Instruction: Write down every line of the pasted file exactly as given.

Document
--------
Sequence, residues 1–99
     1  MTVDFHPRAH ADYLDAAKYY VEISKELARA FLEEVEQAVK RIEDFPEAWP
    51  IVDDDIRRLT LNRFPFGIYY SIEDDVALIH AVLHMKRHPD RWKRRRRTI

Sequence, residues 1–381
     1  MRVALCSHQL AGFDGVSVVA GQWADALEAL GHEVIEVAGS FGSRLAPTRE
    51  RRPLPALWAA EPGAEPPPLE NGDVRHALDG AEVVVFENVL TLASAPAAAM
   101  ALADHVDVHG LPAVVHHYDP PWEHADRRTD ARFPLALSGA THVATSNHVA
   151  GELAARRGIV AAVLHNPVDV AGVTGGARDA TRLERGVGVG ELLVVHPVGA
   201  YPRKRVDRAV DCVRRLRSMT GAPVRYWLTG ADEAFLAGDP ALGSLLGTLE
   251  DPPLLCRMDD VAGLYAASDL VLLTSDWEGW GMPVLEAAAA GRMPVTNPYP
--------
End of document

Sequence, residues 1–99
     1  MTVDFHPRAH ADYLDAAKYY VEISKELARA FLEEVEQAVK RIEDFPEAWP
    51  IVDDDIRRLT LNRFPFGIYY SIEDDVALIH AVLHMKRHPD RWKRRRRTI

Sequence, residues 1–381
     1  MRVALCSHQL AGFDGVSVVA GQWADALEAL GHEVIEVAGS FGSRLAPTRE
    51  RRPLPALWAA EPGAEPPPLE NGDVRHALDG AEVVVFENVL TLASAPAAAM
   101  ALADHVDVHG LPAVVHHYDP PWEHADRRTD ARFPLALSGA THVATSNHVA
   151  GELAARRGIV AAVLHNPVDV AGVTGGARDA TRLERGVGVG ELLVVHPVGA
   201  YPRKRVDRAV DCVRRLRSMT GAPVRYWLTG ADEAFLAGDP ALGSLLGTLE
   251  DPPLLCRMDD VAGLYAASDL VLLTSDWEGW GMPVLEAAAA GRMPVTNPYP